ads for watches and clocks
June 2, 2009 7:01 AM   Subscribe

Why do watch ads always show one hand on ten and the other on two?

Once I had been told or read this, I became nearly crazy looking at watch ads and sure enough, that is how they invariably depict watches in ads. Why or why do they do it this way?
posted by Postroad to Shopping (13 answers total) 1 user marked this as a favorite
This might be urban legend, but I heard that this is because at that angle both hands on the watch approximate the angle of an erect penis, and the ad is meant to appeal (somehow) to sexual urges. Strangely enough, I heard the same thing about the angle of the spoons depicted on cereal boxes.
posted by Simon Barclay at 7:04 AM on June 2, 2009

According to this article, "brand names generally are centered on the upper half of a watch, hands positioned at 10 and 2 “frame the brand and logo,” said Andrew Block, executive vice president at Tourneau, the watch retailer, which has 51 stores worldwide. “It’s almost like an unwritten rule that everyone understands to photograph a watch a 10:10.”
posted by Houstonian at 7:07 AM on June 2, 2009 [1 favorite]

I read in an old advertising book (sorry, no reference), that this way, it looks like the clock is smiling, and therefore people are more likely to purchase it. If you look at watches/clocks (that are not running) in a shop window, you'll see the same thing. Here's an reference.
posted by Atrahasis at 7:07 AM on June 2, 2009

The Straight Dope covered this pretty completely in their Why are clocks in ads always set at 8:20? article.
posted by dabradfo at 7:09 AM on June 2, 2009 [1 favorite]

My instinct is to say that it's one of those things that just "looks right", like when certain words sound great in a certain order, but not quite right in another.

The response to that, of course, is that things "look right" or "sound right" because we're used to seeing them or hearing them that way - they're not so much right as familiar. Think about where you're *supposed* to hold your hands on a steering wheel when you drive - 10 and 2.

10 and 2 on a watch also happens to look neat, yet casual - which wouldn't be the case if the hands were on 12/3/6/9.
posted by Grimble at 7:11 AM on June 2, 2009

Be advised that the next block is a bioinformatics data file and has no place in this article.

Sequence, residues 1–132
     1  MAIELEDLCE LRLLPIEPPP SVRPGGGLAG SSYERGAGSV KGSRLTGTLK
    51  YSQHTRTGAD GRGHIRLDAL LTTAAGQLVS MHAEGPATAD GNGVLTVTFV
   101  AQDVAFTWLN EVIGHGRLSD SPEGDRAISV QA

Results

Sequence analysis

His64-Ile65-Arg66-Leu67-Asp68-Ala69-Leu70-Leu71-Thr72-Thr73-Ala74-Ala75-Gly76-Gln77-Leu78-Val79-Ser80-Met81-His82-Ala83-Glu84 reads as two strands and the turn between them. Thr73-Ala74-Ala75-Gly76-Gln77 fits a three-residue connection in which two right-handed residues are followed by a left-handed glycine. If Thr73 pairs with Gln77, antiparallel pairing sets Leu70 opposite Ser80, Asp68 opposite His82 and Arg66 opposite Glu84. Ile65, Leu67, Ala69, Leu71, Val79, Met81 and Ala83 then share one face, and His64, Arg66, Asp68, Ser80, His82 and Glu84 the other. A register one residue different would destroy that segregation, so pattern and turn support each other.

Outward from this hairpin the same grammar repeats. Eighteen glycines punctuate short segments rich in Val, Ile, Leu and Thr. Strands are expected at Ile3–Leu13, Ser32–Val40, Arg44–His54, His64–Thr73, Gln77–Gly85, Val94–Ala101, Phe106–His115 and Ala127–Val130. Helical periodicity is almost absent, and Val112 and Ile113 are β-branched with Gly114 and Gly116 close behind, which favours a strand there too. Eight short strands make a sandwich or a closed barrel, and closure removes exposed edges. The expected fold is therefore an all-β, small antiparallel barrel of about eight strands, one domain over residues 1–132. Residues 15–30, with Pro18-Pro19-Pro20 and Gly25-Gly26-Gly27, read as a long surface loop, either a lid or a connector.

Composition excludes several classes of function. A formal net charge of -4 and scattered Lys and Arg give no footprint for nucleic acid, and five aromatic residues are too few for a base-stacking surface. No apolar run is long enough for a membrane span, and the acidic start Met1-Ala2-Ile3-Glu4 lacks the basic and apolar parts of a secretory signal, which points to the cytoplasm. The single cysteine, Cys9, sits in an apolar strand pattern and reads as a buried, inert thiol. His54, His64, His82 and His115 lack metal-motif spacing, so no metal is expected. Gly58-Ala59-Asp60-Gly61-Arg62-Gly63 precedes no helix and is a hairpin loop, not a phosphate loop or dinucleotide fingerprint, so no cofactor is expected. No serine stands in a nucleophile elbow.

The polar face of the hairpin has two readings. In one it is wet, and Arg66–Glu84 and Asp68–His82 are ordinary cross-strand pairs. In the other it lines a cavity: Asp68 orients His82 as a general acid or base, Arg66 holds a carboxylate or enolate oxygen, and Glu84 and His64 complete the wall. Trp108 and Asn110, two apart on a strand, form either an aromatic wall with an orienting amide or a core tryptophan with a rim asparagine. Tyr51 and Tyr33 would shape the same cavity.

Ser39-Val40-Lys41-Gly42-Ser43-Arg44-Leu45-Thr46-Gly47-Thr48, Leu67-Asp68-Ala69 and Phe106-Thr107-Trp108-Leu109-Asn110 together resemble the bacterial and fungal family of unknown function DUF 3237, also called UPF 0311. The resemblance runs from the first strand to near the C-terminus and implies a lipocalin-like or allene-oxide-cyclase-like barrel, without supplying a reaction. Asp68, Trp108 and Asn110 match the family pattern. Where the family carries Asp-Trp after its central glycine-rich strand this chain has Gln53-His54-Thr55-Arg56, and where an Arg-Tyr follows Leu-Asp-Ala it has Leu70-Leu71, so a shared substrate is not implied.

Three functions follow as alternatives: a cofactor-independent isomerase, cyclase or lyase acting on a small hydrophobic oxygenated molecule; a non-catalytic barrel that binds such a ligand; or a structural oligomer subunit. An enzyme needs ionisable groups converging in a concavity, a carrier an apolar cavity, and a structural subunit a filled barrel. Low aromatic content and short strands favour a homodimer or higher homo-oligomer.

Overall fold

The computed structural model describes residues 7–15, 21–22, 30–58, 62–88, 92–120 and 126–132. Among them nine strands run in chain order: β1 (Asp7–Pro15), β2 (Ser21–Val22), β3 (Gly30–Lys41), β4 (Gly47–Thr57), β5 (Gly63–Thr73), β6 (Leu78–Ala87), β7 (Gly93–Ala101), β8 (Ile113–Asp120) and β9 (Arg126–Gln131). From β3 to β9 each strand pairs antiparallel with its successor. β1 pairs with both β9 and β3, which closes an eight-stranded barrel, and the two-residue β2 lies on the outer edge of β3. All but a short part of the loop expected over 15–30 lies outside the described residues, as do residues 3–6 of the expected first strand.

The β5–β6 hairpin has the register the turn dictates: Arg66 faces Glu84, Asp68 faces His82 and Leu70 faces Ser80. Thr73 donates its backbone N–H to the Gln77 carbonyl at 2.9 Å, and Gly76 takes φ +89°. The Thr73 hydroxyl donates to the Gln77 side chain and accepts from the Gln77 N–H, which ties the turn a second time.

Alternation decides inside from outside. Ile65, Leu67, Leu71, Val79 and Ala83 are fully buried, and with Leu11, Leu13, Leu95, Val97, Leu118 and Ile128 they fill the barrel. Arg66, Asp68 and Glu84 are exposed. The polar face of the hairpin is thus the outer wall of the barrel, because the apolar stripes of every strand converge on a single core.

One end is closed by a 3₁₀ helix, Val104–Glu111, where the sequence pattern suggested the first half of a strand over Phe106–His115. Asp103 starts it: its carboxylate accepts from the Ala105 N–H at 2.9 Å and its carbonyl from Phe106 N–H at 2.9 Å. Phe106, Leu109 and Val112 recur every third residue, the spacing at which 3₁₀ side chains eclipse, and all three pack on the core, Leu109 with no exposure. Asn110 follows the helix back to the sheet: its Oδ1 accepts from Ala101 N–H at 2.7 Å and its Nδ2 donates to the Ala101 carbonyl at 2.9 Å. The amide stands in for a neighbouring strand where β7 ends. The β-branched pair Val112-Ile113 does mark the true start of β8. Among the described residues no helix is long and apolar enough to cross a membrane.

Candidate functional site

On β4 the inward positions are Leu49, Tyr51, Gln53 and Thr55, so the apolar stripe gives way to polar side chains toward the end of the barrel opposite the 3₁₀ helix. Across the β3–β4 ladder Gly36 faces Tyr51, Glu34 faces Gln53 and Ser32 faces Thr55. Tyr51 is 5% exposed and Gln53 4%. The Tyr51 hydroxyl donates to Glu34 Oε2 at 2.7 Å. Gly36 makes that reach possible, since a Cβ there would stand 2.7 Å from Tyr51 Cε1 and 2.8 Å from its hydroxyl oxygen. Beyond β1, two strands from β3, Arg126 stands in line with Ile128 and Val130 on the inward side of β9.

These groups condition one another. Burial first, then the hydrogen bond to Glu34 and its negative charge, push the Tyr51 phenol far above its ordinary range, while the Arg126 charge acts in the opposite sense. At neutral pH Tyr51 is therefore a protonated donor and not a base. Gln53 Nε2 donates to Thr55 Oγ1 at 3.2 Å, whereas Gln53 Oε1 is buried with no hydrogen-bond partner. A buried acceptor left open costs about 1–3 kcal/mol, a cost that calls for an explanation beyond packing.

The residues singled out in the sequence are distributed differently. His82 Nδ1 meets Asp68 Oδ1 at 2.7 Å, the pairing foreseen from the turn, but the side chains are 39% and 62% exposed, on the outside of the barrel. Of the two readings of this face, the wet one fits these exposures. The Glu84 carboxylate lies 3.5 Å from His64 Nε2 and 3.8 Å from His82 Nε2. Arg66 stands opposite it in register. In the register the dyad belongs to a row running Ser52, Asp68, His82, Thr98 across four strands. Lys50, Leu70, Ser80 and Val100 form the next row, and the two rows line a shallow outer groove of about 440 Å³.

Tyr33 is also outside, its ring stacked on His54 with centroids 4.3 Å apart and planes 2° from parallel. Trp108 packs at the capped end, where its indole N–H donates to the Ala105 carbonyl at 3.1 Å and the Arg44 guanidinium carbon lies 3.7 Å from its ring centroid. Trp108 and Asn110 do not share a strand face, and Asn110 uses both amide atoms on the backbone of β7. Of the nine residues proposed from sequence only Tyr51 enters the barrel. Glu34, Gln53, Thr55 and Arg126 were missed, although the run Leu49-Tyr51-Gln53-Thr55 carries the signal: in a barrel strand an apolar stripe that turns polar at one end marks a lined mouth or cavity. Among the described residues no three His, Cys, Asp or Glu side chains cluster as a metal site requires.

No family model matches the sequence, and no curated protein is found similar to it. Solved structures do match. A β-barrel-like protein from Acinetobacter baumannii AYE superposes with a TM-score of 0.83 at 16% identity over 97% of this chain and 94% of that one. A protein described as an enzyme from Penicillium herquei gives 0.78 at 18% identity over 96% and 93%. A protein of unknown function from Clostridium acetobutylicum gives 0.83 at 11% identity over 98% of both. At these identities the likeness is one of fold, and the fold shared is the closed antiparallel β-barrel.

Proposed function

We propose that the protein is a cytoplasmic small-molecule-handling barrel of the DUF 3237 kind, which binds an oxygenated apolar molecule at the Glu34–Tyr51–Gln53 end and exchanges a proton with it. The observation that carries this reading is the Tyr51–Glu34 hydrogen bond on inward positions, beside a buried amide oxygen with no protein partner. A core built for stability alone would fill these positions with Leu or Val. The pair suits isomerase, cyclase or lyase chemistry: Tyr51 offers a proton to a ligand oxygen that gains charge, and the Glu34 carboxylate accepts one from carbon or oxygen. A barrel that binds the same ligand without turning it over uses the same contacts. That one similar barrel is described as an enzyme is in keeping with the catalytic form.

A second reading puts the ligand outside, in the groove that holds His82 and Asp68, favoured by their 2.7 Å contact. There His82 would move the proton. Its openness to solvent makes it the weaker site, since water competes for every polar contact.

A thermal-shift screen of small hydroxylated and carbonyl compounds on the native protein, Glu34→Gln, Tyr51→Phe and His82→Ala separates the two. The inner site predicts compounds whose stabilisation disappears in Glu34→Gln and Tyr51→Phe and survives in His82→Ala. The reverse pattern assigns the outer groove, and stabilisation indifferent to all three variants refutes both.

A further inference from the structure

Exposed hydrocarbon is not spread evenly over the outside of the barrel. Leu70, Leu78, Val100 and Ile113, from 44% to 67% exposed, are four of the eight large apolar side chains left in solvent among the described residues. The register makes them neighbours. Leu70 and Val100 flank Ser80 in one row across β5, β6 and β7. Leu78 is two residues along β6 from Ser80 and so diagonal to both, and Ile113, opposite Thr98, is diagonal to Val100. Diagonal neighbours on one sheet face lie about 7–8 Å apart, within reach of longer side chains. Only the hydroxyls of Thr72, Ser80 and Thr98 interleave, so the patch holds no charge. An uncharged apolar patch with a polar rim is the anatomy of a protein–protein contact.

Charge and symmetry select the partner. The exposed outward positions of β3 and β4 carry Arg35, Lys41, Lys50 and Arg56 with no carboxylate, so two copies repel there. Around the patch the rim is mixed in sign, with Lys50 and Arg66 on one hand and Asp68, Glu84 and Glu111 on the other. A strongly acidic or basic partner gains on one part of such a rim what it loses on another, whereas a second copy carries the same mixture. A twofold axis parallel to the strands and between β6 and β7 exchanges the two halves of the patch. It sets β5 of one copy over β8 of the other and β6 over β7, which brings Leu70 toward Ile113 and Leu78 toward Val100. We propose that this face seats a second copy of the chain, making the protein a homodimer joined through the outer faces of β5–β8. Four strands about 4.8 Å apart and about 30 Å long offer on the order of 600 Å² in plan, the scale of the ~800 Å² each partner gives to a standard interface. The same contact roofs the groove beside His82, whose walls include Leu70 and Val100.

My hypothesis: (1) People designing all the thousands of watch ads out there felt it would be convenient to have a universally followed aesthetic, maybe for consistency's sake or maybe so there's one less decision to fuss over. (2) If there's going to be one time, 10:10 seems to be at least as good as any other.

Why is it s good? Well, it's symmetrical. Of course, 8:20 (mentioned above) is also symmetrical ... but drooping downward. 10:10 is positive -- pointing up. It happens to be about 10:10 right now, and when I look at my watch I see an enthusiastic check mark (an effect you wouldn't get from 1:50). While 11:05, for instance, would also be fairly symmetrical and pointing up, it would be tighter, more cramped, and probably less appealing than 10:10.
posted by Jaltcoh at 7:20 AM on June 2, 2009

I had heard somewhere that the intention was to mimic a smile, like the watch would be friendly and smiling at you, and that the digital age has simply followed the convention out of a sense of Nostalgia. That is to say, Atrahansis has it, as far as my recollection.
posted by indiebass at 7:26 AM on June 2, 2009 [1 favorite]

Why is it s good?

Why isn't my proofreading good? Of course, I meant " ... so good."
posted by Jaltcoh at 7:26 AM on June 2, 2009

Recent article in the New Yorker (registration required for the full monty) confirms what others have said above. 1.) It's a good way to photograph the watch so that both hands show well and 2.) The watch looks like it's "smiling." (Or, at least happier than if the hands were photographed at 8:20.)
posted by Work to Live at 7:37 AM on June 2, 2009 [1 favorite]

wow. this is going to end up like the arrow in the FedEx logo. Never would have noticed it, but now that I know about it, I'm going to end up seeing it every time.
posted by ArgentCorvid at 8:35 AM on June 2, 2009 [1 favorite]

What Work to Live said, I remember just having read about this in the New Yorker...
posted by at 9:10 AM on June 2, 2009

The nuns in Catholic school told us that was the time Lincoln was shot!?
posted by jara1953 at 10:40 AM on June 2, 2009 [1 favorite]

I heard it was because most of the watch company names are at the top between the two hands, so your eyes are instantly drawn to the name.
posted by KateHasQuestions at 11:05 AM on June 2, 2009

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